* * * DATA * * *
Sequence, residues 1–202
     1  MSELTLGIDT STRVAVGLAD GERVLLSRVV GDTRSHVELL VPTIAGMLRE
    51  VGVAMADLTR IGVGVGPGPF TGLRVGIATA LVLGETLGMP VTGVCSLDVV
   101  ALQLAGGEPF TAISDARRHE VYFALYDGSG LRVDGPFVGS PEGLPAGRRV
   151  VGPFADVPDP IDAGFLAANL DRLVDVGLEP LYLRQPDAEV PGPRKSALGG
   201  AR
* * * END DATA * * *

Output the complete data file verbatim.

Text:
Sequence, residues 1–202
     1  MSELTLGIDT STRVAVGLAD GERVLLSRVV GDTRSHVELL VPTIAGMLRE
    51  VGVAMADLTR IGVGVGPGPF TGLRVGIATA LVLGETLGMP VTGVCSLDVV
   101  ALQLAGGEPF TAISDARRHE VYFALYDGSG LRVDGPFVGS PEGLPAGRRV
   151  VGPFADVPDP IDAGFLAANL DRLVDVGLEP LYLRQPDAEV PGPRKSALGG
   201  AR